Tuesday, July 10, 2012

Lies, Knives, and Girls in Red Dresses by Ron Koertge

Lies, Knives, and Girls in Red Dresses by Ron Koertge
(Illustrated by Andrea Dezso)

Release Date
: July 10th 2012
Pages: 96
Format: E-galley
Source: NetGalley/Publisher
Publisher: Candlewick
Buy It: Book Depository
Once upon a time, there was a strung-out match girl who sold CDs to stoners. Twelve impetuous sisters escaped King Daddy's clutches to jiggle and cavort and wear out their shoes. And Little Red Riding Hood confessed that she kind of wanted to know what it's like to be swallowed whole. From bloodied and blinded stepsisters (they were duped) to a chopped-off finger flying into a heroine's cleavage, this is fairy tale world turned upside down.
This isn't a book I disliked, but there wasn't anything that special about it either. If a writer is going to revisit fairytales, especially in verse form, I feel like there should be something really exciting and original about their execution. Unfortunately, even though there were passages and poems I enjoyed in Lies, Knives and Girls in Red Dresses, when I finished the book I was left thinking Transformations by Anne Sexton is so much better. Not exactly the thought I was hoping to have.

There's a nice bit of snark and contemporary wit to Koertge's writing, and it was one of the things I did enjoy about this collection. In "East of the Sun and West of the Moon", he writes "Don't you just / love a curse with an escape clause?" a sentiment that rings true for the fast majority of fairytales,  at least once Disney gets its hands on them.  In "The Ogre Queen", Koertge quips, "Sleeping Beauty? Just another narcoleptic with a pretty / face if you ask me."

Then there are poems that are less successful, ones that seem more like snippets then the full story. "Little Match Girl" was an unpleasant surprise because it rhymes, but there were others that simply didn't make an impact at all.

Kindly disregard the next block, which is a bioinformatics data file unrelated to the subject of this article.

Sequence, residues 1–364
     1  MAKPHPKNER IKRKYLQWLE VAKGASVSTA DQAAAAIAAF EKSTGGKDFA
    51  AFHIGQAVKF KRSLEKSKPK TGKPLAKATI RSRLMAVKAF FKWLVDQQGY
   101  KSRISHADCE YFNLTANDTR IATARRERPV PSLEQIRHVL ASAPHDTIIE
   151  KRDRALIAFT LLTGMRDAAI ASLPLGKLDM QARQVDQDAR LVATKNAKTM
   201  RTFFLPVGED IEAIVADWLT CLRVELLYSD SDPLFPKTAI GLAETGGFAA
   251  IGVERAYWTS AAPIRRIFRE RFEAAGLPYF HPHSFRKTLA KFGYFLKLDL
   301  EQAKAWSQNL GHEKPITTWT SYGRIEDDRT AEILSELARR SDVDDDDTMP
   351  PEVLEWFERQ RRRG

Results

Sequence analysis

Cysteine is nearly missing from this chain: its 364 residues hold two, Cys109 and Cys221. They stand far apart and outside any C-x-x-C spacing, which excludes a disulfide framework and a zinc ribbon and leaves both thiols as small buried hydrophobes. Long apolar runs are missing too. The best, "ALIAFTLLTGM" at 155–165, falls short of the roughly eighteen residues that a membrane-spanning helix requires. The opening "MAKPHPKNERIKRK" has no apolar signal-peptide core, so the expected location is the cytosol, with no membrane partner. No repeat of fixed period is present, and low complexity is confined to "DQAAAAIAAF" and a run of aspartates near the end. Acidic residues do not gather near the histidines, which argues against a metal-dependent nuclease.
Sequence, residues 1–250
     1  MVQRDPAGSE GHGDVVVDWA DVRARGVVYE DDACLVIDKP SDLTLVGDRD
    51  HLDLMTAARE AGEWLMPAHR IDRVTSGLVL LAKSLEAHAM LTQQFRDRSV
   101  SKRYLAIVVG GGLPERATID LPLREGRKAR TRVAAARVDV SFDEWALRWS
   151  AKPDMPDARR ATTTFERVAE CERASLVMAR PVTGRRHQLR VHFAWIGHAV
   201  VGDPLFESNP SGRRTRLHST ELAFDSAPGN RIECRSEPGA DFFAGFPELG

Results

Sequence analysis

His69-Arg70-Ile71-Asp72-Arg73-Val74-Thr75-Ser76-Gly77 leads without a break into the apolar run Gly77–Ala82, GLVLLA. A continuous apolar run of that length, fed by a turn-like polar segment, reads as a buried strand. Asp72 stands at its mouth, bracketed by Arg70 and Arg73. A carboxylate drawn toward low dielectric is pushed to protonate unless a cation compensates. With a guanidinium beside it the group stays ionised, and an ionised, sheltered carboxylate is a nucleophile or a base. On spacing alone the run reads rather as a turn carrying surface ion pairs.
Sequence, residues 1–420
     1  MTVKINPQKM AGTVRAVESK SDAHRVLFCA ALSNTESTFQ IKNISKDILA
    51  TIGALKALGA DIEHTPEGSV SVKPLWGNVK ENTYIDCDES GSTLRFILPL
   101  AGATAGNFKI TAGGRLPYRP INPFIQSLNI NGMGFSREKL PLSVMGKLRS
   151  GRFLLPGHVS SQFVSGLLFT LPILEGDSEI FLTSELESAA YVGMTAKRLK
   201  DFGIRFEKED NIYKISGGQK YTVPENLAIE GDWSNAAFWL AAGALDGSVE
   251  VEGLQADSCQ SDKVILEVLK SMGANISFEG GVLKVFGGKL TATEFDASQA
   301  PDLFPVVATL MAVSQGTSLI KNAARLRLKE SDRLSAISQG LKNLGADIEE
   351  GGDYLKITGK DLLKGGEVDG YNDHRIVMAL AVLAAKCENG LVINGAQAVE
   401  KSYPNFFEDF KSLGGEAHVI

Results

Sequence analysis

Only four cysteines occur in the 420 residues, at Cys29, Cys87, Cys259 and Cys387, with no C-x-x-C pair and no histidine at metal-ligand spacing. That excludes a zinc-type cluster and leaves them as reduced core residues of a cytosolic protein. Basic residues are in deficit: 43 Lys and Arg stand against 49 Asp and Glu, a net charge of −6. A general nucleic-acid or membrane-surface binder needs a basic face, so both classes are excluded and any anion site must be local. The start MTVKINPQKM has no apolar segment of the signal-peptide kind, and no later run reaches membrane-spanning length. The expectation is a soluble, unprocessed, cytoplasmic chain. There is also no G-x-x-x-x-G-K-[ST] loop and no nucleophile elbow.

In addition, the illustrations in this book as done by Andrea Dezso, at least the e-copy I had, are beautiful. I'm pretty sure they are made using paper cut-outs, which is a unique and enchanting technique, perfect for what Lies, Knives and Girls in Red Dresses contains. However, my favourite illustration is actually featured on the cover, while many of them seemed to tell stories more interesting than the poems themselves.

Even though I wanted more from this book, more to the poems, more to the story, more than its slim 96 pages, there were still moments that left an impact. In "Wolf", Koertge writes:
"we take him out, leaving just a few
bones so the message is clear:

This is our forest. Perfect before you came.
Perfect again when all your kind is dead."
Is Lies, Knives and Girls in Red Dresses worth picking up? If it interests you, sure, though I'd test out a library copy first. But if you're looking for the real genius of fairytale retellings in verse, I can't help once again recommending Anne Sexton's Transformations- it's everything I wanted from Koertge's Lies, Knives and Girls in Red Dresses but didn't quite manage to get.

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